For 3 years, it ran in the Greeley Tribune. Since then, it has run in various subsidiaries of the Douglas County News Press. I still have most of my columns in digital format.
For many years, I only gave myself one rule: try to work the word "library" into every piece. My intent was to think in public about just what librarianship means at the end of the 20th century and beginning of the 21st.
There have been many advantages for me. I found that putting library plans out in front of the public, and getting feedback about them, helped me make better decisions. Sometimes, I found that it was very difficult for me to describe those plans or policies -- the kind of thing that makes me realize that they might not be good ideas after all. The weekly discipline of explaining my profession to the public keeps me more mindful, more honest. It also has provided steady visibility for the library and its issues.
March 10, 2005 - The Library Catalog on Your Website
We get a lot of traffic on the library website -- about a million hits a month. And what's the number one destination of all that traffic? What do Douglas County citizens most look at?
Our library catalog. And why not? We have well over 600,000 items in our collection now. It's a huge asset, representing millions of dollars, and covering every conceivable topic.
I'm guessing that lots of the people who read this column work for organizations with their own websites. And I bet many of those companies serving Douglas County are looking for ways to add useful content to their sites. Ideally, they don't want to spend a lot.
Have I got a deal for you! Why not put our catalog -- one of the most popular destinations in the county -- on your website ... for free?
How? It's easy. In essence, you just need to insert this snippet of HTML code that lets you search the Douglas County Libraries right from your own page.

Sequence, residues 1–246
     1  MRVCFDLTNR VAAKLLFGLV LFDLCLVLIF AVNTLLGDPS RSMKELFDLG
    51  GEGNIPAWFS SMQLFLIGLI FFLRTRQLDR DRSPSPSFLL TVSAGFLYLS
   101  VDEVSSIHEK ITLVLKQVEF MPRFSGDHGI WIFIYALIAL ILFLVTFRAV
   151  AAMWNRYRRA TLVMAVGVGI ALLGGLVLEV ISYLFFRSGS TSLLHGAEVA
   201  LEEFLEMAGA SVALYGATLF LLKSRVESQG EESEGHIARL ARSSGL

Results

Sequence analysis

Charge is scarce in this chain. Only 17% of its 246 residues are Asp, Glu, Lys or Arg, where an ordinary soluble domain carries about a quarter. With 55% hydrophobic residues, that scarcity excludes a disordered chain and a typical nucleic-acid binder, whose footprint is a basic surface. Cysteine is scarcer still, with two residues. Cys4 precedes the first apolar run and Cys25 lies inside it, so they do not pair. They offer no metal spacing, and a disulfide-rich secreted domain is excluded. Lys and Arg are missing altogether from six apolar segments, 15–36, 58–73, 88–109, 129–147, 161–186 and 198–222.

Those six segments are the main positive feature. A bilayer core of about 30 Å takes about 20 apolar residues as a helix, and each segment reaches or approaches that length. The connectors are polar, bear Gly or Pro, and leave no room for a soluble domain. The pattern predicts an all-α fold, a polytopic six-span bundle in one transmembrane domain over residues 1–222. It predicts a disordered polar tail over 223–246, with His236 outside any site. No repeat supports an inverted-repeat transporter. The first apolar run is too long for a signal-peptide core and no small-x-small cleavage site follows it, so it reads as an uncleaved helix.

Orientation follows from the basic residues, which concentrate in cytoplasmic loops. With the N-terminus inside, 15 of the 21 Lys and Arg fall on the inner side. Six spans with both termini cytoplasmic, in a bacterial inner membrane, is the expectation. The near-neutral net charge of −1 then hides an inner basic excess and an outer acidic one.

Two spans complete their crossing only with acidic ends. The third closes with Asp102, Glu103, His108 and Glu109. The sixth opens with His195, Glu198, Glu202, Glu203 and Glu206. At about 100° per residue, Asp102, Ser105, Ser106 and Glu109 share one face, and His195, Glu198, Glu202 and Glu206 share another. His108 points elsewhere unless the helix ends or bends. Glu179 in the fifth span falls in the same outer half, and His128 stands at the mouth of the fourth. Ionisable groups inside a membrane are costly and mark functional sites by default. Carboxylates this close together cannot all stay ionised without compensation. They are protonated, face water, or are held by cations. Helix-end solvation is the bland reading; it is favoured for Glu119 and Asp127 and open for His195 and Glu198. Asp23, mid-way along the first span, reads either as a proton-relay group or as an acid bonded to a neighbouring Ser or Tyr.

You can put it anywhere you like -- you'll get a blank text entry box, and a graphic that says "Search our Catalog!"
Here's an example to show how powerful this can be.
Let's say you are a minister, and when you launch your browser, it defaults to your church's home page.
You're reading a newspaper article about Karen Armstrong, former Carmelite nun, and author of "A History of God," among others. You hear she's written a new book about her life.
Because you've added the library catalog search box to your church's website, you just type "karen armstrong" into it and press Enter.
In moments, you're looking at a page from the library catalog. You see that there's a title called "The spiral staircase : my climb out of darkness," with a publication date of 2004. So you click on it.
Now, on the left side, you can click again on reviews of the book, or a plot summary. If the summary intrigues you, you can even go ahead and reserve the book, directing it to the library branch closest to you.
I tested this myself on my personal web site, and have found that it's come in handy many times. Anybody who combines writing and research -- teachers and journalists, for instance -- will find it especially useful.
Again, this code is freely available, and anyone may use it. Use of the library catalog, or this search box, does not, of course, mean that the library endorses the views expressed by the websites in which the search box appears. But the library connection is bound to help anybody offer a richer Internet browsing experience.
Meanwhile, if you do decide to make use of this new tool, I'd appreciate knowing about it. Feel free to drop me a line at jlarue @ jlarue.com.